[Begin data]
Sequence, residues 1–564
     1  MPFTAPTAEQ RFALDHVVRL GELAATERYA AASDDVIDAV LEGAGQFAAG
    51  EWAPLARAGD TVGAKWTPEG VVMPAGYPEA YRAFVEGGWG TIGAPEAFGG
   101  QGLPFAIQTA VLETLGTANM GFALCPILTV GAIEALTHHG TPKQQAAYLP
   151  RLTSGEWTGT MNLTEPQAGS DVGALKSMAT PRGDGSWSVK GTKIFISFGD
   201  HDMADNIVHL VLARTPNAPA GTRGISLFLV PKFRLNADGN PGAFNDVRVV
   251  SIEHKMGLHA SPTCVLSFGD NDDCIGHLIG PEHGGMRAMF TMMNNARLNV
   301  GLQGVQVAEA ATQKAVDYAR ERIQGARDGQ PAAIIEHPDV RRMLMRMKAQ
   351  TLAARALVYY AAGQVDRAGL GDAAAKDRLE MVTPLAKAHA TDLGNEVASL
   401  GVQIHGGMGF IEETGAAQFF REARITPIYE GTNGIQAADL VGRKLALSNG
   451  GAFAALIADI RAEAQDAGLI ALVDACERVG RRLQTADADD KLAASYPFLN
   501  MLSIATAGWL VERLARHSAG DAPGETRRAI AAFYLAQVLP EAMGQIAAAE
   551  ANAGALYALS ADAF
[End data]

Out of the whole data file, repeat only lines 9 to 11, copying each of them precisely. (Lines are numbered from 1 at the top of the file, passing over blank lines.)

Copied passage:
   351  TLAARALVYY AAGQVDRAGL GDAAAKDRLE MVTPLAKAHA TDLGNEVASL
   401  GVQIHGGMGF IEETGAAQFF REARITPIYE GTNGIQAADL VGRKLALSNG
   451  GAFAALIADI RAEAQDAGLI ALVDACERVG RRLQTADADD KLAASYPFLN